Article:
Also, this I didn’t know: “Today, sugar beets account for HALF of all refined sugar production in the United States, and around 20% of all sugar in the world! Cane sugar and beet sugar are the two processed sweeteners that most of the world’s processed food industries are built upon, ” according to Healthy Home Economist.
Okay, where is the horse? Actually, the name reflects a quaint, little barbecue (BBQ) place tucked away near Interstate 40 in Sallisaw, Oklahoma.
The restaurant is nestled in the foothills of the Wild Horse Mountain range in eastern Oklahoma. Maybe there are some wild horses still in those hills.
If you travel along this area it is worth stopping for tasty food with quick and friendly service in a rustic environment. The menu is limited and simple. I think the brisket sandwich is their most popular item. The plate includes some very tasty beans too.
When I saw these metal drum ends with rust mixed with color in Kansas I thought of our Native Americans in North America.
Not knowing much about Indian culture, I have become more interested during travels across the United States. It is amazing how many various tribes were populated across this vast land. I suppose many of the generations are scattered now and it’s more difficult to determine pure tribes aside from reservations.
As I pondered these pieces of art I wondered if they were made and painted by Native Americans, or even if this artwork is indeed similar to the Indian culture in this area of Kansas. From my own simple analogy, this area is where the Kiowa Tribe was predominant, and a remnant still remain.
So, does the different type of “drum” that is painted trigger any particular thoughts with you?
Columbus, Mississippi, ever been there? How about old antebellum houses, downtown stores still preserved over time, some older, some newer; tucked away with rich historical heritage and classic southern architecture, food and hospitality?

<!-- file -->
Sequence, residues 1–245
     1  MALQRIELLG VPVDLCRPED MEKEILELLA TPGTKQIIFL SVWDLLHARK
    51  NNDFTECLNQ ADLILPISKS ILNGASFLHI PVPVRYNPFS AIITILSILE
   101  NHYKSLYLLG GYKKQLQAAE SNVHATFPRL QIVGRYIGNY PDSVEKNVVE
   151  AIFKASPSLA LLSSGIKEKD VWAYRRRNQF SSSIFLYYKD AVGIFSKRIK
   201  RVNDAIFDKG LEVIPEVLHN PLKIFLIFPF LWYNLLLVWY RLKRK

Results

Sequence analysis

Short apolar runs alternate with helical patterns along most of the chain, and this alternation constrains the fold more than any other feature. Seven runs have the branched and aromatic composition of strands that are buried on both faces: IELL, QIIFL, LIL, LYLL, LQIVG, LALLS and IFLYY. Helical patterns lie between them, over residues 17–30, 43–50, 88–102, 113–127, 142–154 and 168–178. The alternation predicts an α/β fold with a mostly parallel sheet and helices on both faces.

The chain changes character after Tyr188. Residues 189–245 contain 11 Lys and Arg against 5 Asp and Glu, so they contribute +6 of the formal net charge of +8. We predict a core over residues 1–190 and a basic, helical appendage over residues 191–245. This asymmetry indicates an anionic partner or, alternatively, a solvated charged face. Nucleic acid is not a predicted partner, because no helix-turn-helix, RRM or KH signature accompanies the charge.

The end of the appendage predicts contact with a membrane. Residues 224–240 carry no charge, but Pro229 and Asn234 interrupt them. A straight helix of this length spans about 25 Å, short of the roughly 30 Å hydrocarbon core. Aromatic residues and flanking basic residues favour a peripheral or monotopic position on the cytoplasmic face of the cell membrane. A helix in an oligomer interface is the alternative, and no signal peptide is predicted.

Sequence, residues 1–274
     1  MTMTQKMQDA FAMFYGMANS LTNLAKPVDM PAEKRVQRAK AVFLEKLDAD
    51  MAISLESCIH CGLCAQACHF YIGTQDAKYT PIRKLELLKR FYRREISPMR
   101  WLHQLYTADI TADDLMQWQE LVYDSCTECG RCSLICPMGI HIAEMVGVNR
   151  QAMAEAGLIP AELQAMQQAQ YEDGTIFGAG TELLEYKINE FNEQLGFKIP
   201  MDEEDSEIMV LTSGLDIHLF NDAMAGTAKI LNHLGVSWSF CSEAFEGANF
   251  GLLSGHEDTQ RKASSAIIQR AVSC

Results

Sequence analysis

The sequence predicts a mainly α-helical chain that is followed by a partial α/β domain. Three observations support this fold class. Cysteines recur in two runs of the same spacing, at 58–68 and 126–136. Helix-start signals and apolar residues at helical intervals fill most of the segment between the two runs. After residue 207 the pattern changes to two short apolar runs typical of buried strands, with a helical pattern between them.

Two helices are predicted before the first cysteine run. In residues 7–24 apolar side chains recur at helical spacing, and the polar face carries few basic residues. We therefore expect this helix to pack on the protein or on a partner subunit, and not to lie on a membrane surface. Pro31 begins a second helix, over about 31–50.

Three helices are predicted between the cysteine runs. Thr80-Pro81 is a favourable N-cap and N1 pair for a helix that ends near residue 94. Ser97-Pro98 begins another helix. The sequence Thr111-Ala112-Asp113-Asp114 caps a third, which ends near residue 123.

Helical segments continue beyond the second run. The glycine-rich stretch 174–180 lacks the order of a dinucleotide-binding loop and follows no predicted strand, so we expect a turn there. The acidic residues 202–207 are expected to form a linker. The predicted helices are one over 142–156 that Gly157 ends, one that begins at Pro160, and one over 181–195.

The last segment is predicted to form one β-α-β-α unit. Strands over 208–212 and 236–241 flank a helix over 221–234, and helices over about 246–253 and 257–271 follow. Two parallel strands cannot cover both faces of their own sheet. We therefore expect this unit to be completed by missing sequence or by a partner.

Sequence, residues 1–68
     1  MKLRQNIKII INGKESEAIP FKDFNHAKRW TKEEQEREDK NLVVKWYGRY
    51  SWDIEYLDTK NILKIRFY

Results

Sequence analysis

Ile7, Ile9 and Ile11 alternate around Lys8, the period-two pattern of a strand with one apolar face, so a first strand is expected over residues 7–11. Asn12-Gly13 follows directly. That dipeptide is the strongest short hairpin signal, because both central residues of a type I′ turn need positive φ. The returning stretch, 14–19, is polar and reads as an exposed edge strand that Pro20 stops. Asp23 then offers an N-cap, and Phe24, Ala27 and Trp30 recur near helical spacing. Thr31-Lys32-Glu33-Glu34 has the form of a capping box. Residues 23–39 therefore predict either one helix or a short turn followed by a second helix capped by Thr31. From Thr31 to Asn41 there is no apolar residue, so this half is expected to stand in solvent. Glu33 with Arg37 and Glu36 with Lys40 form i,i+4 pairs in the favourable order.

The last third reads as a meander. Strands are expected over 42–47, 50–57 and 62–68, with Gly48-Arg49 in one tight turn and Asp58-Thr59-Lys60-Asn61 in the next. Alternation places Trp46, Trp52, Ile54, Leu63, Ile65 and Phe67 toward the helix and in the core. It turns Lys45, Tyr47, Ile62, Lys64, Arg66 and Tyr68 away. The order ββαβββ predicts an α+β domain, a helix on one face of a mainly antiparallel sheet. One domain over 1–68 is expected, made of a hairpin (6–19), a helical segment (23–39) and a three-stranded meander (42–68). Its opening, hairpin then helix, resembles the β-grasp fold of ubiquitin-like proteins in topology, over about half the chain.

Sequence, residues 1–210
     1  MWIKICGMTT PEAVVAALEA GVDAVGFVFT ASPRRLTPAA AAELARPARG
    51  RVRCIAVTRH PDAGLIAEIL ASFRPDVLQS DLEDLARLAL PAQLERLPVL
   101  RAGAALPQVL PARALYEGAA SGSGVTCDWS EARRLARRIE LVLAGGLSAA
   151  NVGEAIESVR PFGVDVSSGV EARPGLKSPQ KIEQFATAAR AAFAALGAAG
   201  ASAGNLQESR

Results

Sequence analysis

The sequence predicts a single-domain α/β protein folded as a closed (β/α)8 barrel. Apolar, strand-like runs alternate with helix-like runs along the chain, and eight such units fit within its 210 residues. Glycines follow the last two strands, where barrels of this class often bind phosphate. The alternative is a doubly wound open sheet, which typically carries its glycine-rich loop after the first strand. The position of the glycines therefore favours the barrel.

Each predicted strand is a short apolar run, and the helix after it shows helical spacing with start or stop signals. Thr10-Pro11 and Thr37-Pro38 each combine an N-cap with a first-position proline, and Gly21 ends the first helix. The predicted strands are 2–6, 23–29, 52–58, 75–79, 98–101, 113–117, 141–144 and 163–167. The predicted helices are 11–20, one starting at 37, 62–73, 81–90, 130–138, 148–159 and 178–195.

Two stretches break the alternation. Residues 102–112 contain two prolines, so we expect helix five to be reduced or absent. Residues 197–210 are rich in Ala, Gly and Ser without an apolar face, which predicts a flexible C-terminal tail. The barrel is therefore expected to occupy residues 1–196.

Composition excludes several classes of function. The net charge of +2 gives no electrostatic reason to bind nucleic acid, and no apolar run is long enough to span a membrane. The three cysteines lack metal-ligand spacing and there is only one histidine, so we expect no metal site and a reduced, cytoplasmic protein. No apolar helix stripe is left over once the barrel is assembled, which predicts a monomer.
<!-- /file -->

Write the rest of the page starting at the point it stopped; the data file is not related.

Columbus was voted number six in the Best Small Town Cultural Scene category of USA TODAY’s 10 Best Readers’ Choice travel award contest, according to http://www.visitcolumbusms.org/.
The Luxapallila and Tombigbee flow effortlessly, picking up the soil saturated beside; many times swelling with the onslaught of rain and outlets that drain. The bridge sometimes over trouble waters, or with peace below; it often matters. They move beyond, constraints no more, spreading their power, looking for new shore.
The big ditch flows just the same, sometimes low with often overflow. So peaceful at times, then raging through the vines.
The 82 and 45 move us along, meandering around, looking for that which wets the mouth; ahh, we found it, not much to see driving swiftly by, but just a little place, wood design, no time to waste.
It may not entice you to stop, just looking at the décor; come evening you can tell – it’s special as many come through the door.
The best steak all around, some of the best – tender, juice, tasty and right. Chef prides over coals so hot, sizzling – to the perfection of each one. While traveling through Columbus on Highway 45, don’t forget to stop by Old Hickory – in the evening it comes alive.